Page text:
Then it closed, and city officials considered tearing it down. Public opposition saved it. The building, with its 130-foot clock tower, had become a landmark to four generations. The Newberry Historical Society and other community groups began promoting the building’s preservation and got it listed on the National Register of Historic Places.
In 1991, the Newberry Opera House Foundation (NOHF) was formed and began a $6-million restoration project, hiring the renowned architectural firm of Craig, Gaulden & Davis, Inc., as planners. Mashburn Construction Company of Columbia carried out the work, preserving historical accuracy while installing a state-of-the art performance center—and, for its efforts, winning a 1999 merit award from Associated General Contractors.
Dr. James Wiseman, a local dentist and NOHF president, is recognized as the driving force behind the project. He’s justifiably ecstatic with the grandiose result—not to mention its immediate success.
What was the key? "We had a solid foundation," he reflects. "We got the right people on the board to make it work." And, he adds, they found the right director: Smith. "Deborah is the catalyst behind this whole thing. She’s the soul of it. I knew it would never work without someone like her—and she’s the only person I know like her.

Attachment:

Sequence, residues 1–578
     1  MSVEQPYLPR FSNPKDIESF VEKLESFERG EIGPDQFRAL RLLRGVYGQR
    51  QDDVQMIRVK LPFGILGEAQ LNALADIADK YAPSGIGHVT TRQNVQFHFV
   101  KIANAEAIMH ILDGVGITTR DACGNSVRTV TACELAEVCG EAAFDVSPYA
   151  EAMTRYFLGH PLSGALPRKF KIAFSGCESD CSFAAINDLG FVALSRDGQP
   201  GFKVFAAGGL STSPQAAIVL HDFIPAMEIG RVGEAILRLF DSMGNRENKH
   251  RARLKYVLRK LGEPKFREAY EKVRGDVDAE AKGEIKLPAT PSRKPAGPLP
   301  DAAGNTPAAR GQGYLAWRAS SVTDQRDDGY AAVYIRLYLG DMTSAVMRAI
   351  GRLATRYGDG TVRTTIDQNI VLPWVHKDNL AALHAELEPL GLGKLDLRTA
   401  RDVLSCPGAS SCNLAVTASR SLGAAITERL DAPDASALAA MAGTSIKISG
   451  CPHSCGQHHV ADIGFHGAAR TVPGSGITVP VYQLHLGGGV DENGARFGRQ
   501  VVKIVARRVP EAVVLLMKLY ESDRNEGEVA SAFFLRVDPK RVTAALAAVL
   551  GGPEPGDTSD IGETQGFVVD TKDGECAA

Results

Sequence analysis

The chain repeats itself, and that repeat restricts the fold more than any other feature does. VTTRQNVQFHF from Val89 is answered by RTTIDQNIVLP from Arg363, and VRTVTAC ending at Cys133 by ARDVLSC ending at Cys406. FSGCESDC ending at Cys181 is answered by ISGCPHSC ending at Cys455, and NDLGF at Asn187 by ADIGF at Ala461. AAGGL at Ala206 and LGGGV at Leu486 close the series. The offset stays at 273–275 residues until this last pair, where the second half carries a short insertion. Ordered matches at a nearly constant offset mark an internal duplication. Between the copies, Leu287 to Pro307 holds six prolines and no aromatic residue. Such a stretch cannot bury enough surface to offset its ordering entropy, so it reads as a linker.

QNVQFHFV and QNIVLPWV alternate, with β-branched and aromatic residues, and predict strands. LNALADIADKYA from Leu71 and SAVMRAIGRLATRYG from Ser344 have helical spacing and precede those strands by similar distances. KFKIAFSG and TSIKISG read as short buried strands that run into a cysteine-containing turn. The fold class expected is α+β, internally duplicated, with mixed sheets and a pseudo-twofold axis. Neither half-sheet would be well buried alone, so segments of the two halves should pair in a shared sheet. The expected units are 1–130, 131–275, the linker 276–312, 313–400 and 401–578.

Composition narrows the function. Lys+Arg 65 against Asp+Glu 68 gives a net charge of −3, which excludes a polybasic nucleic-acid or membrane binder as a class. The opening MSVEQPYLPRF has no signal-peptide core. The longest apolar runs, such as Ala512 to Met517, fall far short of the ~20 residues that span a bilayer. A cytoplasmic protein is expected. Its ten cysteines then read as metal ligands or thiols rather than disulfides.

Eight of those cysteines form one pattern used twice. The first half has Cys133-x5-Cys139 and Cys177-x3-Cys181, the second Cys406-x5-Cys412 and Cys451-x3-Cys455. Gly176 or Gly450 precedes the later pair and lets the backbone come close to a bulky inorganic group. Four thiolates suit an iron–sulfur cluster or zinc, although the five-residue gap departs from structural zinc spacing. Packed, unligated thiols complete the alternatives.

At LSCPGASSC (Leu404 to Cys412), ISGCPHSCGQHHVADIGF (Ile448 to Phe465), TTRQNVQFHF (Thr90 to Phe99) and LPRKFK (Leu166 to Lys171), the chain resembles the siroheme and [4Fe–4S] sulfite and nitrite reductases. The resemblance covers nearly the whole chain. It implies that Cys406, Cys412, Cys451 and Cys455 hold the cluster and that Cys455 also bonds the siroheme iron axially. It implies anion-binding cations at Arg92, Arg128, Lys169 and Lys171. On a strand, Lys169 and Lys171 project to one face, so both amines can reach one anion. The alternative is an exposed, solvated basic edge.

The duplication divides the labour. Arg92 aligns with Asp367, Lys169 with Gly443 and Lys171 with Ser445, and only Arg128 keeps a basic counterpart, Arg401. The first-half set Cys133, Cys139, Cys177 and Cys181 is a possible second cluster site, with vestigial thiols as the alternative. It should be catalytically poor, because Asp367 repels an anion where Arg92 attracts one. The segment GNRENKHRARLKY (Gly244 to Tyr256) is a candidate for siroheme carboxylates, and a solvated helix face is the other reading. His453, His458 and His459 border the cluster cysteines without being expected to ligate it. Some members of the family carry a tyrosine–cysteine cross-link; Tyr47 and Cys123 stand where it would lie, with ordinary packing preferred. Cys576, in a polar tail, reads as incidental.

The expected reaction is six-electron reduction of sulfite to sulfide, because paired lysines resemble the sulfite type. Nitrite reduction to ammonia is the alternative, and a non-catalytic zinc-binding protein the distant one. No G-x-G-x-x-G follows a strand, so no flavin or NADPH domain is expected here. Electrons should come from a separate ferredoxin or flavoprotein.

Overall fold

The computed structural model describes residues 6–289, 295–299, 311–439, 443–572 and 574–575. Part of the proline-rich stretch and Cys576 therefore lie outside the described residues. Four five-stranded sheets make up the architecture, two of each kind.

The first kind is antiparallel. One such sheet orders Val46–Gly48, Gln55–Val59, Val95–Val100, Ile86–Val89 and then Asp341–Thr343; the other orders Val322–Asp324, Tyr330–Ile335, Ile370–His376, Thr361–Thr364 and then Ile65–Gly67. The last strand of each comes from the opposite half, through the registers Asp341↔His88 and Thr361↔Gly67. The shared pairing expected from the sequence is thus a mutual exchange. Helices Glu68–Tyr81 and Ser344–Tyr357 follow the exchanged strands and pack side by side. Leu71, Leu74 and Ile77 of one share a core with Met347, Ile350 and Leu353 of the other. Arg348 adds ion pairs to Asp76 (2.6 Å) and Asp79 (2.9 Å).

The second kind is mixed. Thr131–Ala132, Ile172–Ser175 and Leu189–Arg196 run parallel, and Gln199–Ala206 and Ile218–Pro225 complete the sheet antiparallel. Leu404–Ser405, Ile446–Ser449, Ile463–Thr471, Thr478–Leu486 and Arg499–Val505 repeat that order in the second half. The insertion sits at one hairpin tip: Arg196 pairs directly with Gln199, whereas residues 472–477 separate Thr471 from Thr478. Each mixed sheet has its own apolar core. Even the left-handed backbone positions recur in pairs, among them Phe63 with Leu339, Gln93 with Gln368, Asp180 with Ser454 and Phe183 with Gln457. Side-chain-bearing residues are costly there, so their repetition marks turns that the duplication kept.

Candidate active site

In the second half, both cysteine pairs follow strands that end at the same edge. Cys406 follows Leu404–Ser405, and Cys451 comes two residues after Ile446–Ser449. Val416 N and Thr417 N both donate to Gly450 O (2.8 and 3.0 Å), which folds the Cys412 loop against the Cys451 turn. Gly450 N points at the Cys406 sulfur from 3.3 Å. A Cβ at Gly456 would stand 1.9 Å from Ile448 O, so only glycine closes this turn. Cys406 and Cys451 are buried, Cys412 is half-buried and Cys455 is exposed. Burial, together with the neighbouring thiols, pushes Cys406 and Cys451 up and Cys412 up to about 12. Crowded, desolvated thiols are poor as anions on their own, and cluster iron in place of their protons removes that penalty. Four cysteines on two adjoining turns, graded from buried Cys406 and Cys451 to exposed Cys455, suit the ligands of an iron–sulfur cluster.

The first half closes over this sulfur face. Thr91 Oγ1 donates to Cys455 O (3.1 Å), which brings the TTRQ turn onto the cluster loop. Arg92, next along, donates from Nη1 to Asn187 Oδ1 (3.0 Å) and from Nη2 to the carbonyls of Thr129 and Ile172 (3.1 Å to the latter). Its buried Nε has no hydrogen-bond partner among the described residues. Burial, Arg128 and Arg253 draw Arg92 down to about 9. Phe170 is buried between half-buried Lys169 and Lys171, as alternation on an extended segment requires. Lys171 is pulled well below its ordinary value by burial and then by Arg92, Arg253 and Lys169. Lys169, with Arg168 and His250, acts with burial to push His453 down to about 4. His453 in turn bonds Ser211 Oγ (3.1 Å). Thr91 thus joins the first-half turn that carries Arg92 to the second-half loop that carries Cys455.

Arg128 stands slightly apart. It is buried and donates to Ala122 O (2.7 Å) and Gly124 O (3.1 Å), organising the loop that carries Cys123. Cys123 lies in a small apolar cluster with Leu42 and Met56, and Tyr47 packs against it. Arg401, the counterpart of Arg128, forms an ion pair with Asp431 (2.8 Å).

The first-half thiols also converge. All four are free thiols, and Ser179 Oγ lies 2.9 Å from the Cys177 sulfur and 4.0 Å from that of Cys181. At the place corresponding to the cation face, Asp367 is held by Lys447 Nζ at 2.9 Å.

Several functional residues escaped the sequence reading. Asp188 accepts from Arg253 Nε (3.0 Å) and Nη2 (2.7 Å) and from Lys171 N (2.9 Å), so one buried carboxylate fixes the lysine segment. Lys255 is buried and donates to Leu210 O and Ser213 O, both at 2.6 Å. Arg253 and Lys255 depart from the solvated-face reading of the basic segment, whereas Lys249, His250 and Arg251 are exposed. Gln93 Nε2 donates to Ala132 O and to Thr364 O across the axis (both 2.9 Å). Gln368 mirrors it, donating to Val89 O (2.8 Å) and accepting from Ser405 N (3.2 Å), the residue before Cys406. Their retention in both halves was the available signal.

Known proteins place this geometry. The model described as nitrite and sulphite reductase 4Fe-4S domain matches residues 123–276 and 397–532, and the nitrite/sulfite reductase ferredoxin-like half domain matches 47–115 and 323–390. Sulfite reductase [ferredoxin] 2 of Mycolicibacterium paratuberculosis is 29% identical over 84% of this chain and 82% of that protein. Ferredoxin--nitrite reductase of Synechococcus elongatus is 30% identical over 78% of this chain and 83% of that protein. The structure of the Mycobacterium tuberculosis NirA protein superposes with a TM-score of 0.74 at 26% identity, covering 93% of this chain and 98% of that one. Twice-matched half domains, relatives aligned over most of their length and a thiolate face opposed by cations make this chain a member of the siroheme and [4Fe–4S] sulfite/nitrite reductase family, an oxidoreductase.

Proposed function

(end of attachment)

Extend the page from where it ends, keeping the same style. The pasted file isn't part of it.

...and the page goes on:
"There are times for everything. To get the right situation and the right people to coincide is the key. We couldn’t have done this in 1970 or 1980."
Even after the first season ended, the opera house stayed busy during the summer with concerts by touring artists. It also hosts as many as 200 visitors a day; some groups are bused from out of state to see the facility. And it’s gearing up for Season No. 2, which officially begins September 24 when the Newberry Opera Company stages "Pirates of Penzance."
All of Newberry is booming, thanks largely to the draw and excitement of the opera house. Motels and bed-and-breakfasts fill quickly with performers and crews, and with fans who drive here from throughout South Carolina and across state borders. Several excellent dineries are within walking distance, including Steven W’s, Just Benji’s and the Cabana Cafe; they’re packed on performance nights. It’s estimated that in addition to a blitz of local business and industry growth, opera house patrons spend almost $6 million annually in the community.
How does a small city support as many as four cultural events a week, many of them sell-outs?
Smith first points to the vast community support Newberry provides. Area citizens are not only regular attendees; 250 of them are hands-on volunteers. She also credits the arts communities in Columbia, Greenville and other parts of the state with helping promote the effort. "There’s a synergy in this state that’s unbelievable." And she cites the continuing guidance and inspiration of Wiseman. "It’s a project that was driven by a vision. It was pushed along by somebody who wouldn’t let go."
Finally, she beams, there’s the opera house itself. "It’s a neat place!"
For details about the Newberry Opera House and events, contact the Newberry Opera House Foundation, 1201 McKibben St., Newberry 29108; (803) 276-6264; www.newberryoperahouse.com. For information about Newberry, see the article "All Smiles" in the Spring 1998 Sandlapper, Page 19.
ARTICLE FUNDED BY MASHBURN CONSTRUCTION CO., INC., THE CITY OF NEWBERRY, AND THE BANK OF NEWBERRY COUNTY